FRIENDS OF THE SIBERIAN FORESTS and THE GLOBAL FOREST COALITION underscored cross-cutting impacts of eliminating deforestation and called for a refined definition of forests in Food and Agriculture Organization of the UN (FAO).

THE ORGANISATION FOR ECONOMIC CO-OPERATION AND DEVELOPMENT (OECD) shared actions to support SDG implementation, announcing the Task Force for the Implementation of the Environmental Action Programme has become the Green Action Program.

Responsible consumption and production: ROMANIA identified SDG 12 (Ensure sustainable consumption and production (SCP) patterns) as an enabler of the green economy and welcomed EPRs as a tool for implementing sustainable development.

ISRAEL shared his country’s innovative technology in the agriculture, energy and water sectors, urging integrated environmental approaches and SCP.

ITALY supported decarbonizing the economy to achieve SCP, underscoring the role of public access to information and public participation in achieving climate goals and the SDGs.

Industry, innovation and infrastructure and the Astana Water Action: SLOVENIA highlighted SDG 9 (Build resilient infrastructure, promote inclusive and sustainable industrialization and foster innovation), reflecting on the link among industrial accidents, resilience and sustainable development. He said MEAs are key in both setting high environmental standards and listening to country’s needs.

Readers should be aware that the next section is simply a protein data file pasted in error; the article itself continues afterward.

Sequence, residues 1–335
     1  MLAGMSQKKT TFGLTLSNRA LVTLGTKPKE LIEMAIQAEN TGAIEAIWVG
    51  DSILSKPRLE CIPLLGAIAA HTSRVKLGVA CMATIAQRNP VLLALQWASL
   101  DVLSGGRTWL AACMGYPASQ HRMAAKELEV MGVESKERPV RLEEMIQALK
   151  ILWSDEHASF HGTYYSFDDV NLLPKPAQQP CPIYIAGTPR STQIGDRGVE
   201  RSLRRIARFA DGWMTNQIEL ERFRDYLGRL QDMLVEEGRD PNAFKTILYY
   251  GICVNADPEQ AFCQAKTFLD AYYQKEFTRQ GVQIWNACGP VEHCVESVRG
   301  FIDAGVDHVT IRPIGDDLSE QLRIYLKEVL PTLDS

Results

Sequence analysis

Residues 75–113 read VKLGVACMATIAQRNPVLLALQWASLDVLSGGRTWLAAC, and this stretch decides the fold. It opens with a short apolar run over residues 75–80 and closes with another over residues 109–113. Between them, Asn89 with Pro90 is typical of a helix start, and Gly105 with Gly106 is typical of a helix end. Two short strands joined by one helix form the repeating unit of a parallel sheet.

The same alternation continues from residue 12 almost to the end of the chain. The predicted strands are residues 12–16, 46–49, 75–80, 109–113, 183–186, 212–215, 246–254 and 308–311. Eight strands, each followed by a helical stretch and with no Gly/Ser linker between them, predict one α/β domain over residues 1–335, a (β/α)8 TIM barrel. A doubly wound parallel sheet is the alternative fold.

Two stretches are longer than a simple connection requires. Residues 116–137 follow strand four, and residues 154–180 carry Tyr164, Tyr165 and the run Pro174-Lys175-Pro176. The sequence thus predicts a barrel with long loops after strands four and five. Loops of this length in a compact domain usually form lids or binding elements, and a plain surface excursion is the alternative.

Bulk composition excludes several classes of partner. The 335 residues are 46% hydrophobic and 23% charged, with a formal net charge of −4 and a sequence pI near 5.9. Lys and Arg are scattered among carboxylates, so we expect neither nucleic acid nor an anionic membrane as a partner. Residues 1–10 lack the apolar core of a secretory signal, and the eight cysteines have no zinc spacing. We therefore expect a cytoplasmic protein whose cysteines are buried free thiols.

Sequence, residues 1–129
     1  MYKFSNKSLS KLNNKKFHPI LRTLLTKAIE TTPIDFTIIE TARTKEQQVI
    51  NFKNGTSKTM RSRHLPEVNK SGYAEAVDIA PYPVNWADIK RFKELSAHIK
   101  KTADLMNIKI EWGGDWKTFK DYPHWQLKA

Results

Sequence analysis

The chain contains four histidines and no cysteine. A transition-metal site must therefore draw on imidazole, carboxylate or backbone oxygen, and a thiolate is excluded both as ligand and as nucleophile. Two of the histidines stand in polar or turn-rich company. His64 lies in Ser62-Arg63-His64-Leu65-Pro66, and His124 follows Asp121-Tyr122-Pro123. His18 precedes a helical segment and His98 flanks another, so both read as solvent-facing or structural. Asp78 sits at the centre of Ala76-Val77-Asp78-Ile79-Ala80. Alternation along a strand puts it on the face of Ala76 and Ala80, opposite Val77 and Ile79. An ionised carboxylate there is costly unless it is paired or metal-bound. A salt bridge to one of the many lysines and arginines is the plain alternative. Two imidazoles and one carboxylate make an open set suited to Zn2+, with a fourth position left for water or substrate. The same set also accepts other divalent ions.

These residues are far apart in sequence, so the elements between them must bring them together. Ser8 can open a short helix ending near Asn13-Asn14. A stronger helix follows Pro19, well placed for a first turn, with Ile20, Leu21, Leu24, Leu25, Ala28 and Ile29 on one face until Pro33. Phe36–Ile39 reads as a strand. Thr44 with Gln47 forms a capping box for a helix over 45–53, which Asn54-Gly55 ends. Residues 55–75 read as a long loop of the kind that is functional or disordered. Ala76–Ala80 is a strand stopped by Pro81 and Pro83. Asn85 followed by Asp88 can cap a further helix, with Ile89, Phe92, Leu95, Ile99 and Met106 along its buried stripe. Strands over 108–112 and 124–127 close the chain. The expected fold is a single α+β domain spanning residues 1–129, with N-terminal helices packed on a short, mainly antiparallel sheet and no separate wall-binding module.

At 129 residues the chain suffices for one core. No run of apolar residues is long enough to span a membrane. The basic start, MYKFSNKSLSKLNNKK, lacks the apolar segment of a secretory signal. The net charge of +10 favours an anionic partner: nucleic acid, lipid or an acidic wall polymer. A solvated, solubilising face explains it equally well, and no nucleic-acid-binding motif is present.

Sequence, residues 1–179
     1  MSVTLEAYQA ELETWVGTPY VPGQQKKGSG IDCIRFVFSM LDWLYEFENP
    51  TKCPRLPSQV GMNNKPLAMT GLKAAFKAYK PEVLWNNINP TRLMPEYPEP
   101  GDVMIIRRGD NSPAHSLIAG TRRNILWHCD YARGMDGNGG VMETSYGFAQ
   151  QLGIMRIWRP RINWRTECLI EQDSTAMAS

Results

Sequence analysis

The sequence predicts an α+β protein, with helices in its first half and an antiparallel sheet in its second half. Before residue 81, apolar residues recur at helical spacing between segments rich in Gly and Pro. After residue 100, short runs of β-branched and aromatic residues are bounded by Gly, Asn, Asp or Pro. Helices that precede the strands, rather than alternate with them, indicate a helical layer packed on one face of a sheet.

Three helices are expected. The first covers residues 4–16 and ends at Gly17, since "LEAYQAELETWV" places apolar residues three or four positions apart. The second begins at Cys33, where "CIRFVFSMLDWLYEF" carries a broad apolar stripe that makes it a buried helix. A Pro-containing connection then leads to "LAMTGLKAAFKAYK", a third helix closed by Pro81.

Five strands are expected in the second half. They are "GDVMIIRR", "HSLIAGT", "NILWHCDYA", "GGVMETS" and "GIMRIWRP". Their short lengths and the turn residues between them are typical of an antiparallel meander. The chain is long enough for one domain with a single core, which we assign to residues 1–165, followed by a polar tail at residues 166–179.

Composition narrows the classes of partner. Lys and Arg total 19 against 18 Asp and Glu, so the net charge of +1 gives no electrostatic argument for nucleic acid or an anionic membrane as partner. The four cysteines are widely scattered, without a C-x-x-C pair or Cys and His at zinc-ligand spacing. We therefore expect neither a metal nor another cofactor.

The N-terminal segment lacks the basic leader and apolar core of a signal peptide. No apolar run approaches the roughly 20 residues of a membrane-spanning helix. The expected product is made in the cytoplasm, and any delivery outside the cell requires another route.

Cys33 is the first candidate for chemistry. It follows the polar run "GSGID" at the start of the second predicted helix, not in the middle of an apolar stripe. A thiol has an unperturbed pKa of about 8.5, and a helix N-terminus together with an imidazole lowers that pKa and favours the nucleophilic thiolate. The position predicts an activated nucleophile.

TURKEY shared his country’s goal of achieving 30% renewable energy and its establishment of a Ministry of Environment and Urbanization to promote coordinated action on environment and urban issues.

KEEPING THE PAN-EUROPEAN ENVIRONMENT UNDER REVIEW

Session Chair Agulashvili introduced the ‘Report on progress in establishing the Shared Environmental Information System (SEIS) in support of regular reporting in the pan-European region’ (ECE/BATUMI.CONF/2016/8) and the ‘Summary of key findings and policy messages of the European regional assessment of the Sixth Global Environment Outlook (GEO-6)’ (ECE/BATUMI.CONF/2016/9), among other documents.

Andrei Kovkhuto, Minister of Natural Resources and Environmental Protection, Belarus, described SEIS’s development, saying increased access to environmental information helps fulfill MEA obligations. He highlighted challenges, including data quality.

Hans Bruyninckx, Executive Director, the European Environment Agency (EEA), presented EEA milestones in implementing SEIS, highlighting data traceability and transparency. He said electronic reporting facilitates timely access for policy makers and the public, supporting joint work.